Reliability and build quality claims are extremely deceiving. Ford and GM rank far higher than any Japanese car in MECHANICAL reliability, but so much of Ford's issues have been with their hard to operate electronic gadgetry. Basing a true assessment of drive-train reliability on overall quality surveys is very deceptive.
The long term reliability survey you refer to that does list Lexus first overall, is the 2013 J.D. Power dependability study, I assume. This study does not rate cars over 3 years old, it's for original owners of 2010 models.
I suggest you have a look at the truck category of this same study. Ranked NO. 1 most dependable large truck; 2010 GMC Sierra HD. Midsize truck; 2010 Ford Ranger. Tundra and Tacoma? Nowhere to be seen.
So the heavily populated North shuttered plants have lost, and that indicates growth? Plus the concessions given away to woo industry to the lower cost south. A lot of industry is going even further south to Mexico. Time will tell. The middle class is becoming lower today.
Why talk about trucks or Lexus on a Corolla review?
The reliability reports were for overall vehicle reliability and the results were from the reported problems per vehicle. So that to me makes this a fairly open and shut case. Now - like I said before, that does not mean that the Big three can't also make a decent product. I'll even go as far as to say that I have been more impressed with the amount of improvement the Big three have made - particularly GM and Ford than from the more recent offerings from Toyota or Honda, who in my opinion have become a bit complacent with their products in terms of the somewhat bland appearance of some of their best-sellers.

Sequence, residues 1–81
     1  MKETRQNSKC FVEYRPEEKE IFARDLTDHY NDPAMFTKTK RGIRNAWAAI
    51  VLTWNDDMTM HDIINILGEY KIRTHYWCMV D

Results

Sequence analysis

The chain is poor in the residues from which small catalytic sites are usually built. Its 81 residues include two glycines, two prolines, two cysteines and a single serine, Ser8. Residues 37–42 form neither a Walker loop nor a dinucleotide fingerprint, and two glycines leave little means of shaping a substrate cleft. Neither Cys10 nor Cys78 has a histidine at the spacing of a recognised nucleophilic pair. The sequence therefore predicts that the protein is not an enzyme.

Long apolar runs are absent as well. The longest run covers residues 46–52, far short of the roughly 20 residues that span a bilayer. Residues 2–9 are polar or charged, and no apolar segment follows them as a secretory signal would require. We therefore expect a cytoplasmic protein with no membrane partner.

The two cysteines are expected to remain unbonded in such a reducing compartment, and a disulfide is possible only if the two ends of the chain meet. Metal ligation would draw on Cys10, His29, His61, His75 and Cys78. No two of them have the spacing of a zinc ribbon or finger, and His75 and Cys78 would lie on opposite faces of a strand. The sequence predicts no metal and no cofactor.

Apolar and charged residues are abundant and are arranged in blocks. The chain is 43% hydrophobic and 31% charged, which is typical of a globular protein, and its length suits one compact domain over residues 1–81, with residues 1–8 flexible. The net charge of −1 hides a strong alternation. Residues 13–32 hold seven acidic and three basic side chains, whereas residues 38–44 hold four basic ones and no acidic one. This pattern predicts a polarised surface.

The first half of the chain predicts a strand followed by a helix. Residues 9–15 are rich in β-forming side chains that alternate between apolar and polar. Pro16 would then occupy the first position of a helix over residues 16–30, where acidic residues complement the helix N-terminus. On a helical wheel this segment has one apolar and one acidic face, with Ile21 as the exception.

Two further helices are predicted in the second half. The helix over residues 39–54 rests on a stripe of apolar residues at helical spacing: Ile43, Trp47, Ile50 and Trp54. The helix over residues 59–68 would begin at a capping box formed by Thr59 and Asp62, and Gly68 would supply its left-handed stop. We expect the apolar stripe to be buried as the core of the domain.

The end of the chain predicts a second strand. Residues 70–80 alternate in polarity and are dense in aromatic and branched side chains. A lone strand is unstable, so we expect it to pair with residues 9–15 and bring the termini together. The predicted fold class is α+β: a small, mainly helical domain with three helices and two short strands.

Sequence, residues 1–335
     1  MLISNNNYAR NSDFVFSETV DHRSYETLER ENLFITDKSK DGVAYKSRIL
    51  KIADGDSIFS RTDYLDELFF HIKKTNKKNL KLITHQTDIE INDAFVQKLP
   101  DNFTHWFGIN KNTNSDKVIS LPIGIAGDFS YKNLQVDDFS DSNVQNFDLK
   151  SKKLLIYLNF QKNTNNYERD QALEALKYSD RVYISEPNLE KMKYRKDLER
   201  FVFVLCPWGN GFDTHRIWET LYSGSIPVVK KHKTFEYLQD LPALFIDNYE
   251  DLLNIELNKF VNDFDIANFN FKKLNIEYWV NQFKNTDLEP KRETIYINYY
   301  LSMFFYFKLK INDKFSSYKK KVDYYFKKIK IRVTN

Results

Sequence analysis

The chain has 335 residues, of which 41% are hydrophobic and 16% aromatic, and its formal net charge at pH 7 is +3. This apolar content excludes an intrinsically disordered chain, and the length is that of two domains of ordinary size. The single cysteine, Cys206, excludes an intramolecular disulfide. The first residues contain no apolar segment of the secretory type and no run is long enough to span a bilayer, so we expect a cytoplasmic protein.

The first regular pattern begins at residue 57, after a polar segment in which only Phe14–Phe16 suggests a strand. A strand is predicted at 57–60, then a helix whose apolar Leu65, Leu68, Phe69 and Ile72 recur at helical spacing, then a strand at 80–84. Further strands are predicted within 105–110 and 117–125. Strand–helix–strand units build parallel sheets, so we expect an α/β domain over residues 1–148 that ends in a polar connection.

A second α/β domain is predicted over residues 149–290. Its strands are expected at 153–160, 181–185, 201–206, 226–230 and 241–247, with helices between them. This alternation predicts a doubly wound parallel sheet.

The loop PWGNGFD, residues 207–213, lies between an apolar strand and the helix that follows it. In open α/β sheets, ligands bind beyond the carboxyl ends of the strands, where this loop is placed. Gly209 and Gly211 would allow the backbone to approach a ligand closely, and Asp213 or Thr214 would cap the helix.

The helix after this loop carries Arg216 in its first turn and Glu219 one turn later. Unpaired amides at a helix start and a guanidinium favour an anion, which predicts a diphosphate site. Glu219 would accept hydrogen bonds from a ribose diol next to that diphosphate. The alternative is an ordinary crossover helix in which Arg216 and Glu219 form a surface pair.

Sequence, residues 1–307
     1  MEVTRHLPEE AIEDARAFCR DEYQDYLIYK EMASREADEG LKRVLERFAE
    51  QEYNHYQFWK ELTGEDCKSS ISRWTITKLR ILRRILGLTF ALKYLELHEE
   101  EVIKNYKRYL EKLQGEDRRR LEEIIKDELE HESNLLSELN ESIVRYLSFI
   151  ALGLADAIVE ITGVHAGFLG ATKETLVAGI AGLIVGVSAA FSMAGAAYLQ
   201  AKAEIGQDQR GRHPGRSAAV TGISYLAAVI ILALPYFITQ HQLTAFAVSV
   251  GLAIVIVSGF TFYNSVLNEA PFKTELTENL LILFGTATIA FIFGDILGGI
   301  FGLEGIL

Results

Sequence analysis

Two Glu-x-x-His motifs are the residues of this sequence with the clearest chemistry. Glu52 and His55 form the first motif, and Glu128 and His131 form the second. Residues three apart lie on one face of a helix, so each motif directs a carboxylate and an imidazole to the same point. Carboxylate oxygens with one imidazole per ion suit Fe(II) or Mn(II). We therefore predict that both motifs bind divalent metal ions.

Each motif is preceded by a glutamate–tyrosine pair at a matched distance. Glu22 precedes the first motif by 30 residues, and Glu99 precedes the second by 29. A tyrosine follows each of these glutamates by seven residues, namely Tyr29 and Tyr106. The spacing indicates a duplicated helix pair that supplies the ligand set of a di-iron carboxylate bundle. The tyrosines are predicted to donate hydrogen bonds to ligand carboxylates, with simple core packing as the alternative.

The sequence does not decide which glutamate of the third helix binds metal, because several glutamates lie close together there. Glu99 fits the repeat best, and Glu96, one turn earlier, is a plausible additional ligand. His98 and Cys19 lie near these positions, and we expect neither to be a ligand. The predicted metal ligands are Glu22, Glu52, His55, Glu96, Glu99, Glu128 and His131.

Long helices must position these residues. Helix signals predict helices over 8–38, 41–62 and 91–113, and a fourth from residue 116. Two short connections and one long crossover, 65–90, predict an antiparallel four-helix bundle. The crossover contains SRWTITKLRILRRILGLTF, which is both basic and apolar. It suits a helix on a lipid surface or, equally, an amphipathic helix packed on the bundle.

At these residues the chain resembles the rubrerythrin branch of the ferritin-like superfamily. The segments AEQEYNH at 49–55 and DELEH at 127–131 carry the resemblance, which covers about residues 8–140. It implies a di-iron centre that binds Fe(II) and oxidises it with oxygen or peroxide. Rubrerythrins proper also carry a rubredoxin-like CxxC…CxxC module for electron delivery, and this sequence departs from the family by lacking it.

I recall being in high school and in driver's ed, the cars we had were twin 1990 Chevy Corsicas. The quality was awful! It felt like I could likely snap the shifter off in my hand. The interior was just horrid all around and the car handled like a whale. That's a far cry from the Chevy Cruze I rented a few months ago. I'd have no problem buying a car like that. It was tight, well-made, and it got good fuel economy.
But as the current situation sits, Toyota is still the most reliable automaker. That may change at some point. But I will stand behind the brand when it comes to overall reliability.
As far as the decline of manufacturing in the North and Midwest, well that was caused by a number of complicated issues that put together made manufacturing less desirable in that area. The South had more or less a clean slate and lots of cheap land, low taxes, and of course as mentioned - incentives to give. It's not like any other state couldn't or doesn't do the exact same thing. The South was simply smarter about it. I think the Midwest is going to have to make some drastic changes in how they work with business if they are to change their situation. Perhaps now that places like Detroit are now so dirt-cheap, maybe it is again ripe for setting up new business.
The bottom line is that the plentiful and robust environment that existed in the US from the 50's-60's, where the rest of the world was in ruins from WW2 and thus were not competitors, disappeared a long time ago, and where at one time the US had zero foreign competition and places like the Midwest likewise had no competition from other lower cost regions, is no longer the case. We are now in a truly global economy, where every brand from around the world has to compete with one another.
This in turn leads to better pricing, more innovation, higher quality, and more choices. That is the reality of the economic situation, and in order to make success out of that, it's out of the question to have any sort of protective economy which prohibits foreign competition. We now sell more American brand cars in China than we do in the US, and if we were to take a closed-port policy, that would likely in turn be financially damaging to any US company that does business overseas - which is MOST of them at this point,
Ironically at this point, the US now exports more American-made Japanese cars than we actually import. We have become so efficient at making cars of all types that we now make and export cars from pretty much every single foreign-based automaker.